SPORTENG specialises in the planning, design and construction phase consulting services of Fields of Play across all sports in Australia. Our experienced team all contribute towards designing high-quality Fields of Play for all levels of use.


The design of a golf course is unlike other Fields of Play. There is a specialist architect involved in the layout of the course, who works with the club representatives to determine the level of complexity and characteristics that the course should have.

Red golf flag on pole on a golf course

Here at SPORTENG, our designers work with the golf architect and are responsible for three important components of the design:

  • Engineering teams create a 3D design of the course, which ensures that the subgrade is adequately understood, and that the drainage is correctly designed to accommodate the infiltration rate of the overlying profile.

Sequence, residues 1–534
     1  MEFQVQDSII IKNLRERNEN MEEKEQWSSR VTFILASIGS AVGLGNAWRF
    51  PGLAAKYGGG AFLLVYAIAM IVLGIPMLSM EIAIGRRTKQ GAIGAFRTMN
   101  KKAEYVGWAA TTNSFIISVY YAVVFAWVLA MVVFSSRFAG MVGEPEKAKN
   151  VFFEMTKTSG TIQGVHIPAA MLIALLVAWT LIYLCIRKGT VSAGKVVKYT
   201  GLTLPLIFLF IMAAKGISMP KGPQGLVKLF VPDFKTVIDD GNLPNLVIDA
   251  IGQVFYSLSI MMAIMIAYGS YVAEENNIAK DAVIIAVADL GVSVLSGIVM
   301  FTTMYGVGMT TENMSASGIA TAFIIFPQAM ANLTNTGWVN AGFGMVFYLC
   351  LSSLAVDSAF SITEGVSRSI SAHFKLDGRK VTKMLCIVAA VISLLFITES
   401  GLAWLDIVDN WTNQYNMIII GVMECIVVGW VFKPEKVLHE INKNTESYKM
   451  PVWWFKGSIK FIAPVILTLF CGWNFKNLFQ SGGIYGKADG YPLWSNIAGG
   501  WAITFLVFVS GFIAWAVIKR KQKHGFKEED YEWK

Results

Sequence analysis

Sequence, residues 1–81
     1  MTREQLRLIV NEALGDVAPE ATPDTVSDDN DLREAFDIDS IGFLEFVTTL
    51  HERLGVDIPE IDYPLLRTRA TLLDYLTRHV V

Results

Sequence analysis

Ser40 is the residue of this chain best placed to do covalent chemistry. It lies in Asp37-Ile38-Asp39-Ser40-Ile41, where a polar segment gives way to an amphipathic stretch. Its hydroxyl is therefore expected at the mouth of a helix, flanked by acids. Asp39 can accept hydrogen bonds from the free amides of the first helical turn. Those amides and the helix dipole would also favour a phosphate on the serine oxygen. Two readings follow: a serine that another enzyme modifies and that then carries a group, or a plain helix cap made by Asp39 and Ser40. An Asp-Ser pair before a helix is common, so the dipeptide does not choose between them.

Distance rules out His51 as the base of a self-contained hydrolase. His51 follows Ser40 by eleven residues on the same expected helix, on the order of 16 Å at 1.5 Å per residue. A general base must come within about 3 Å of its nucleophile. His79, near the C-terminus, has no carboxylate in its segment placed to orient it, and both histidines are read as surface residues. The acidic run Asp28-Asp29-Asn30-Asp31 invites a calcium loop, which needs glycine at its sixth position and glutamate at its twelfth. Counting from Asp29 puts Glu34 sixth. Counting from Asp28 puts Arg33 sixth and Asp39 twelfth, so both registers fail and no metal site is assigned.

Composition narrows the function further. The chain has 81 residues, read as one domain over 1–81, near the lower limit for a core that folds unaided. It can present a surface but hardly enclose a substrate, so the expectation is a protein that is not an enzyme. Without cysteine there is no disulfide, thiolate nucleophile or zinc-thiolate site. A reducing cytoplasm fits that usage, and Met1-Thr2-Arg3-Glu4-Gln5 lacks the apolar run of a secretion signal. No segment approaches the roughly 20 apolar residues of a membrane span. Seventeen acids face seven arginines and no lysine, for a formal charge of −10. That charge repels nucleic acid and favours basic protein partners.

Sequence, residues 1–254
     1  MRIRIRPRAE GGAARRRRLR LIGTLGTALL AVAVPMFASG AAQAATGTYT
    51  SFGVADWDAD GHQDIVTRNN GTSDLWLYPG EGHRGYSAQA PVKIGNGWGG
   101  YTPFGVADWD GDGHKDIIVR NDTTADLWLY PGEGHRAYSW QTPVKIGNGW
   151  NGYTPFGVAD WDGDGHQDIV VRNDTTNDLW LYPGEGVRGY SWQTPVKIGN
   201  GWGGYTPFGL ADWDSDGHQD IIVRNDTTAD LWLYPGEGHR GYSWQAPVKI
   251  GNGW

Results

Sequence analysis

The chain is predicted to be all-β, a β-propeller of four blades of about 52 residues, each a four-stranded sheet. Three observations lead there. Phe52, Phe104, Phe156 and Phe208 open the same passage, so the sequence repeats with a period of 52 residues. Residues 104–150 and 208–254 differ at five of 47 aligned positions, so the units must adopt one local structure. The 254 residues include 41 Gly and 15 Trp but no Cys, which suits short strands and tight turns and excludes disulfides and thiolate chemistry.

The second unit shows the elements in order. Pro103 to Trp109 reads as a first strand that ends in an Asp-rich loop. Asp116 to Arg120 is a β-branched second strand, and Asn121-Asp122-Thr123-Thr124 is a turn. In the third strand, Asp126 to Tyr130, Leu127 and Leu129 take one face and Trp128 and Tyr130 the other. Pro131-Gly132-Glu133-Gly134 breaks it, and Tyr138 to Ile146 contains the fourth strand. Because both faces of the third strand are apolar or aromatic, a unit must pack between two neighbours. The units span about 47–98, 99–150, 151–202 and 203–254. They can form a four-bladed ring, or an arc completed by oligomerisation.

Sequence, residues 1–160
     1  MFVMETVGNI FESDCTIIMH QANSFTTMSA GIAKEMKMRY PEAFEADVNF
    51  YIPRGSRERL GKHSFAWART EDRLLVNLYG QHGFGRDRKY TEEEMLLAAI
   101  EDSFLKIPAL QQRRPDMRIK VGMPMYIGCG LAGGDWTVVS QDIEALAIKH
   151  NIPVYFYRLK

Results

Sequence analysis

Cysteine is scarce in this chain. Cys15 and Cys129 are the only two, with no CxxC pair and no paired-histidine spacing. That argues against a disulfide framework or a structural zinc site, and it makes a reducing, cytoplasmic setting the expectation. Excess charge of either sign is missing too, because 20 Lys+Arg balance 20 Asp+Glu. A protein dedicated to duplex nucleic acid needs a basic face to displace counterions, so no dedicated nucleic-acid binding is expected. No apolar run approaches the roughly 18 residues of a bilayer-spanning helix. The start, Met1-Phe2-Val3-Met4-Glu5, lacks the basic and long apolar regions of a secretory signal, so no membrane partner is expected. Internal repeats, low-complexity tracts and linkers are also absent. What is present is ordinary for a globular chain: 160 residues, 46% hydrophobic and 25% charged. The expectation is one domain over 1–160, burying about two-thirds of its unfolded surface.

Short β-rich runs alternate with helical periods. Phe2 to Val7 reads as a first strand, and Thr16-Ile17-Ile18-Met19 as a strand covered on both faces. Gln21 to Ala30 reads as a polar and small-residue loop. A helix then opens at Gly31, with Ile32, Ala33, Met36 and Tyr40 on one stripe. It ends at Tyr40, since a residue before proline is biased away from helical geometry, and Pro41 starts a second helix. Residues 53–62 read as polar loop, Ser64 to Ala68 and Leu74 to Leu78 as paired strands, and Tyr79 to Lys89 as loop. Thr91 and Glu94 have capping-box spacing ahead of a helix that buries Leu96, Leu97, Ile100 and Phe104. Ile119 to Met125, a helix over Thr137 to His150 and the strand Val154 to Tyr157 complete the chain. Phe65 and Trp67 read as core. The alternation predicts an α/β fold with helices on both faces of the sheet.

• Agronomy allows our team to correctly specify the growing medium, profile amendments and turf species.
  • Irrigation helps our team design a fully automated system to distribute precipitation uniformly across the turf surface.

Our in-house design team addresses these three elements to ensure the design of your golf course is completed to a high quality and meets the needs of key stakeholders.
Our technical expertise underpins all our projects, and we are regularly called upon to work on projects of high significance.

No matter if you’re a governing body or a local school, you will benefit from a playing field that puts the player first.